Presbyterians aren’t the largest group of protestants in the nation by a long shot, but they’re not exactly a tiny sect of Christianity, either. Of course, I’ve been a bit biased since I’m a Presbyterian myself. I personally liked the more mellow approach to preaching rather than the “fire and brimstone” pastors I’d experienced in my youth.
I even worked for my church part-time back when I first started writing here at Bearing Arms. It was a church that is part of Presbyterian Church USA (PCUSA), the largest Presbyterian group in the country.
As of today, though, I’m done with PCUSA. While there’s been a leftward lean over recent years, they finally crossed a line for me and, I suspect, many others. They’ve just guzzled from the gun control Kool-Aid.
Deanna Hollas’ daughter was in college in Texas in 2016 when that state enacted a “campus carry law,” allowing people 21 and older with concealed handgun licenses to take their weapons onto public university campuses.
That didn’t sit well with Hollas.
“I felt like she wasn’t going to be safe,” she said. Statistics show that the chances of being fatally shot increase when there’s a gun in the home. She thought they probably increased when one was in the classroom, carried by a student who may not have fully understood the risks. That worried her.
She joined Moms Demand Action for Gun Sense, an organization that advocates for gun control, and started visiting lawmakers in Texas, petitioning for gun violence prevention efforts.
This month, Hollas — now the Rev. Deanna Hollas — was ordained by the Presbyterian Church USA, the largest Presbyterian denomination in the United States, as a minister of word and sacrament. Her new job title is gun violence prevention minister — the first position of its kind in the nation, the church says.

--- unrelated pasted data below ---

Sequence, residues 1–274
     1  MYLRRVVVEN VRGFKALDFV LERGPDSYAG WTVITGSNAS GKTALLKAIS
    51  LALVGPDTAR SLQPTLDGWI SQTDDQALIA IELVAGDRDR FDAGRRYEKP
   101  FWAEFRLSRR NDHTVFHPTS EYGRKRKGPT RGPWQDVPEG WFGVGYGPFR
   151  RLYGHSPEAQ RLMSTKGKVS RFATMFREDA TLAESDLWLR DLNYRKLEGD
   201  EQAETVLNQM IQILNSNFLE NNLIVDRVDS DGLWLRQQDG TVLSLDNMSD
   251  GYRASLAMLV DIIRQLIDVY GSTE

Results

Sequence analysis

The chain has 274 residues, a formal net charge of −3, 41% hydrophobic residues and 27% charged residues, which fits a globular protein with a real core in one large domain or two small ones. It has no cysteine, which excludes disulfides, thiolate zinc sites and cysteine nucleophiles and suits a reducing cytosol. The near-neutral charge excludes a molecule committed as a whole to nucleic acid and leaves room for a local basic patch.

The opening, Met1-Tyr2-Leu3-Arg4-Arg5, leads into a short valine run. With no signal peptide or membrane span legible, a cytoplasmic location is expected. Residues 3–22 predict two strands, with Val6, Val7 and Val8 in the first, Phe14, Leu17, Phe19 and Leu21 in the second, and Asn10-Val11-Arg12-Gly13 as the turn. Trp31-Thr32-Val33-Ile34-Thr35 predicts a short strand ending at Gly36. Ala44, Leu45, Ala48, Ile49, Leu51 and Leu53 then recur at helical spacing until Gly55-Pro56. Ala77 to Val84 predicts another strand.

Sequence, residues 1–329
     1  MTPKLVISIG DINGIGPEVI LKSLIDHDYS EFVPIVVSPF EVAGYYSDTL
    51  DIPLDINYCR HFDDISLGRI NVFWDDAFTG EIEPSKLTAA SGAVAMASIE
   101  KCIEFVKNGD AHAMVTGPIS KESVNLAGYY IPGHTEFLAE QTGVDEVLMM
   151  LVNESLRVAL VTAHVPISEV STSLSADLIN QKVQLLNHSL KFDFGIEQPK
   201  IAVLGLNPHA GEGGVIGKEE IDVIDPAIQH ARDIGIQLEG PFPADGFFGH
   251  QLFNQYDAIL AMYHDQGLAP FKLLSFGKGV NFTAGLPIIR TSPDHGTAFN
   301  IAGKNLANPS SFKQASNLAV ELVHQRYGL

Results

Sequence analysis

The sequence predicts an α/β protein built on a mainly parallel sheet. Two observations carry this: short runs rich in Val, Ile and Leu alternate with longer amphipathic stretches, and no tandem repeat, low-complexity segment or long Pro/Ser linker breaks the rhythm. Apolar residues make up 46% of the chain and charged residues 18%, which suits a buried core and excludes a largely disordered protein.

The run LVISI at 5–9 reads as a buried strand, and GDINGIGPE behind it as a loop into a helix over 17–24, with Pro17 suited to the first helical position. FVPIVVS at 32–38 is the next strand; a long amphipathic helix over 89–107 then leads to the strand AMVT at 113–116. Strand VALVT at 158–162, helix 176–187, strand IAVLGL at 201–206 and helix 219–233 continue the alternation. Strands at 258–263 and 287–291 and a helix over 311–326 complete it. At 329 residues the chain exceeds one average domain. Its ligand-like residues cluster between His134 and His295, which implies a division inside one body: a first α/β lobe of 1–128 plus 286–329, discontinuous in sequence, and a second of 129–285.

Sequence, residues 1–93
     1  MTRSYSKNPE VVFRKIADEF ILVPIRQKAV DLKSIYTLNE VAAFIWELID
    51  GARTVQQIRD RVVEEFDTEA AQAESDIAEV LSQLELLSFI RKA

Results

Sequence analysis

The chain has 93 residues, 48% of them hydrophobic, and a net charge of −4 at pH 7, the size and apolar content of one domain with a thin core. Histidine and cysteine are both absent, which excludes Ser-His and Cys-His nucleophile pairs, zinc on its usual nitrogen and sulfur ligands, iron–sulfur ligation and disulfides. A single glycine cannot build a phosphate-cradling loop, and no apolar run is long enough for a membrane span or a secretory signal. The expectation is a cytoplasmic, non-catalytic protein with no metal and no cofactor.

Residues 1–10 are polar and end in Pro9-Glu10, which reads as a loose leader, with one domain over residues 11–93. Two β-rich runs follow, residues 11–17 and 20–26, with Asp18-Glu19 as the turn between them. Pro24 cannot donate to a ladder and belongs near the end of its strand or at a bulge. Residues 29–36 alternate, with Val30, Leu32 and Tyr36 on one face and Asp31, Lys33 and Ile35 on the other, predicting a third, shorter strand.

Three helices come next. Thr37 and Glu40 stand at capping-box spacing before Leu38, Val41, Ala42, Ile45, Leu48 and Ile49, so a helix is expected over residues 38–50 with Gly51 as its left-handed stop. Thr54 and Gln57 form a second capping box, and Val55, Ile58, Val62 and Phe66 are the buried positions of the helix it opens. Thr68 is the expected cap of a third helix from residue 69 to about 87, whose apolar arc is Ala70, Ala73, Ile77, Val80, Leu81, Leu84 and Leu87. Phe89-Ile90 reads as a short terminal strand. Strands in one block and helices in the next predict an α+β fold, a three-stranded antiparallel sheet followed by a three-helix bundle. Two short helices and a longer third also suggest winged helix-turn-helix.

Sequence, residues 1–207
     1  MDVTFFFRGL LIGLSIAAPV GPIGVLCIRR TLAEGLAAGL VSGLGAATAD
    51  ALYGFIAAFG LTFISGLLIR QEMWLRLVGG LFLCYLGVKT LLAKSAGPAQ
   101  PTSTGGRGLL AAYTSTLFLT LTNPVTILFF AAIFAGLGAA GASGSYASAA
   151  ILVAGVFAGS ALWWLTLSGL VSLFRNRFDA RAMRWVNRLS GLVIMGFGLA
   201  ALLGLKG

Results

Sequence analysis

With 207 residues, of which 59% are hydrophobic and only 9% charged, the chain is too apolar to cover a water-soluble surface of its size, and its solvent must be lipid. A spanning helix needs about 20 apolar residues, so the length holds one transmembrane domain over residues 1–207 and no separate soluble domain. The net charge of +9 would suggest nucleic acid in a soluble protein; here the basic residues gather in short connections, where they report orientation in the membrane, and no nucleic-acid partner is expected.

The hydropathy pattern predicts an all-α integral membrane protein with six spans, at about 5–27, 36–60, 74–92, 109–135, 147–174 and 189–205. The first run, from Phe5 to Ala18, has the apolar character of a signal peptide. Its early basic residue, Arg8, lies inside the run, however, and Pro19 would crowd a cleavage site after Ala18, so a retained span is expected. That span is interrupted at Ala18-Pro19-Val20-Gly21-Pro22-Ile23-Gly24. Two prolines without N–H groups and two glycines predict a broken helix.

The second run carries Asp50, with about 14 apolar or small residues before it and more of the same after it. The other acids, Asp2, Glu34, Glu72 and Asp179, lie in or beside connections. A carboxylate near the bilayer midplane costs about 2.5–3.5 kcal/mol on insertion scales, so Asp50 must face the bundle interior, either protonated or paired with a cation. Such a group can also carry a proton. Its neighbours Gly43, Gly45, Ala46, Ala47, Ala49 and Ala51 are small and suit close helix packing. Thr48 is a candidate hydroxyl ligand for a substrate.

Hollas, 52, who is based in the Dallas area, will oversee over 800 local Presbyterian gun violence prevention advocates across the country and work toward making churches more active in preventing gun violence, a role she says will be different for each place. She will help people at different levels of the church stay involved and informed about preventing gun violence.
Don’t misread any of this. When they say “gun violence prevention,” they clearly mean gun control. Why else ordain a gun-control activist for the role if it wasn’t?
Look, I’ve ignored a lot from PCUSA through the years. I’ve focused mostly on the faith itself and not so much what the governance of the church was involved in. Clearly, I shouldn’t have.
Instead, I see PCUSA not just opposing something I believe in, but clearly working to actively suppress my rights as both an American and as a human being. Further, it’s part of my livelihood that they’re working against.
I’d always wondered where my line in the sand would be. Well, this is it. This is where I cut my ties with the PCUSA and, unfortunately, any church that continues to be a part of it. I just can’t support an entity that will work against not just my principles buy my family’s wellbeing.
Plus, I tend to remember this passage when the subject of guns and gun control comes up.
Then said he unto them, But now, he that hath a purse, let him take it, and likewise his scrip: and he that hath no sword, let him sell his garment, and buy one.